Smyth confirmed to LSN that the Attorney General for Northern Ireland and the Justice Committee are investigating Marie Stopes for illegal activities. She observed that Marie Stopes is one of the largest and most effective abortion lobbying groups in the world, whose favorite method is to “break the law to change the law.”
In July this year, the abortion giant had their activities permanently “suspended” in Zambia for aborting children illegally there. In that country, Marie Stopes made precisely the same claim as in Northern Ireland, that it would act “within the legal framework.” But Northern Province Permanent Secretary, Emmanuel Mwamba, said the group had conducted hundreds of early term “medical” or chemical abortions in contravention of the law, “based on social reasons, social conditions or performed abortions on the mere basis that the pregnancy was unwanted.”
Smyth said that the response of the public to the Belfast Marie Stopes facility has been strongly negative. “People of Northern Ireland,” she said, “are rising even stronger than before. Outrage is rising all over.” She observed that thus far, no customers have had the proffered early chemical abortions at the Belfast facility, saying that it is clear the purpose of the facility is purely political, “to make it look as though there is a demand”.
“It is probably the only abortion facility in the world that doesn’t do abortions, because no one here wants them.”
With few exceptions, pro-life people in Britain have “uniformly” rejected the call for lowered age limits, Smyth said. Instead there is “universal agreement that abortion must be abolished outright.” To change the law to include a lower age limit, she said, would make abortion a right to be regulated. “As it is, abortion is still covered under the criminal code, which is where it belongs.”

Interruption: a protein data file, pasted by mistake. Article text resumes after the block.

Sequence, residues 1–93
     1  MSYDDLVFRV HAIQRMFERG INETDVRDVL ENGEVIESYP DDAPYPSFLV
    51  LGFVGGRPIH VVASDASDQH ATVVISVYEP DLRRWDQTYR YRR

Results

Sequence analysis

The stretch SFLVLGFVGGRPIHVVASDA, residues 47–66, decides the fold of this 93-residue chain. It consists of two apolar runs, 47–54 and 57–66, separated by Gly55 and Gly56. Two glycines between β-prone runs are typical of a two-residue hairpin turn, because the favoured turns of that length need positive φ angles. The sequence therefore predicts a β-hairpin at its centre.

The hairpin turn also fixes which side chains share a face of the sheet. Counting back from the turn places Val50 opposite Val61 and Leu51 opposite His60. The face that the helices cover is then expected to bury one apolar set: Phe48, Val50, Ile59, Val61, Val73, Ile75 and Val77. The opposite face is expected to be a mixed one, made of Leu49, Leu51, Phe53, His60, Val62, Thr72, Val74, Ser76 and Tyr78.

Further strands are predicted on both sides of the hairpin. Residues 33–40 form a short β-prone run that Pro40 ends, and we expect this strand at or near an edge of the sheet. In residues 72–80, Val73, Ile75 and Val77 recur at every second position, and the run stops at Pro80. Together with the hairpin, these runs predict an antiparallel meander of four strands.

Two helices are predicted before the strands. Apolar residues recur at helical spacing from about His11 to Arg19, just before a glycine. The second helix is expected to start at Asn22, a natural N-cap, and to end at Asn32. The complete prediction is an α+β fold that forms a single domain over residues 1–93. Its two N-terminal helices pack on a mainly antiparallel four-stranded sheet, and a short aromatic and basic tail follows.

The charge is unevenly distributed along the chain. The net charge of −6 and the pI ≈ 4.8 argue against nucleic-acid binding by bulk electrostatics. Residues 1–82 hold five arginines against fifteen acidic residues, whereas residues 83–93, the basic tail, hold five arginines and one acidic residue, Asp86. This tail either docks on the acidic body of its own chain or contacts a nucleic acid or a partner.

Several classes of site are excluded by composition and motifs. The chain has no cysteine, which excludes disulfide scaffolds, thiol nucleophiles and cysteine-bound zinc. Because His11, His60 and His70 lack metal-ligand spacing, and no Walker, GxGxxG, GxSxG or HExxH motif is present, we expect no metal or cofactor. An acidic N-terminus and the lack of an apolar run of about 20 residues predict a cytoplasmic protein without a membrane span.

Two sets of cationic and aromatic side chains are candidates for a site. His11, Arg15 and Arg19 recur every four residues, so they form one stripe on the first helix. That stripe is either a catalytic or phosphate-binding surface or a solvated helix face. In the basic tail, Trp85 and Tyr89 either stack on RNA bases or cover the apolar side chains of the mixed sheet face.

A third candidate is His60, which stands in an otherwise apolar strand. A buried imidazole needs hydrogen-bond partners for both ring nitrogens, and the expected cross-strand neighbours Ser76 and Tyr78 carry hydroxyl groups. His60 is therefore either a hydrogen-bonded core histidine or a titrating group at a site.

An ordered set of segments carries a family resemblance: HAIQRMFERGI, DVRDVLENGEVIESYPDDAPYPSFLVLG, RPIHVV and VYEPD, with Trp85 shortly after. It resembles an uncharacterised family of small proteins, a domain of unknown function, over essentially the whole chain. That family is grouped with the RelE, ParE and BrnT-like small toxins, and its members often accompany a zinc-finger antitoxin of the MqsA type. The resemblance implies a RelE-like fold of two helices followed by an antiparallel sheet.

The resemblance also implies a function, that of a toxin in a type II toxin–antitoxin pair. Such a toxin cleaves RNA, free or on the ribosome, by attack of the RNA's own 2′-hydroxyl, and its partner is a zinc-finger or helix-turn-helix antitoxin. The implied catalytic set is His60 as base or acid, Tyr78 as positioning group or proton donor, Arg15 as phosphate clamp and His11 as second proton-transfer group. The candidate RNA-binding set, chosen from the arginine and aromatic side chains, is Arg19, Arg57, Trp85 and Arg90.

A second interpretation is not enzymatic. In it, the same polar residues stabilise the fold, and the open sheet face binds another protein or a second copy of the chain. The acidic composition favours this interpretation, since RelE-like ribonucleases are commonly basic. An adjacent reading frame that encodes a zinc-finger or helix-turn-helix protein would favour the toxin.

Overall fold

Smyth said that Precious Life has written to MPs asking that Dorries “never be given a platform again” in Parliament for her plans.
Smyth said she believes Marie Stopes is working closely with other abortion advocate groups, including the Irish Family Planning Association, who has launched another court case, set to be heard on January 22nd, the anniversary of Roe v. Wade, alleging that Northern Ireland has failed to issue clear “termination of pregnancy guidelines”.
Speaking against Dorries was Jim Shannon, a DUP MP from Northern Ireland, who said, “I believe in human rights. I believe in the most basic of human rights, the right to life, so I am against abortion. I believe that the strong have a duty to protect the weak and the vulnerable.”
Shannon pointed to statistics showing that Northern Ireland and the Irish Republic, with their very restrictive laws on abortion, have some of the lowest rates of maternal death and mortality in the world. “The UK mainland, with its more liberal abortion law, has a higher rate of maternal deaths. That speaks volumes, and it is clear that restricted abortion to save the mother’s life, which we have in Northern Ireland, works well to save both mother and child.”
“If there was the option of bringing in Northern Ireland’s abortion laws, I would be pleading with everyone in this House to do just that,” he added. “Although I cannot today change the law in England and Wales, I speak for those babies who feel the pain of being ripped from their mother’s womb. This must stop today.”
Smyth said her sources in the House of Commons say that it is unlikely that Dorries’ proposal will succeed. “She’s exhausted all the avenues they said and there is no will in Parliament for that motion to be put forward,” she said.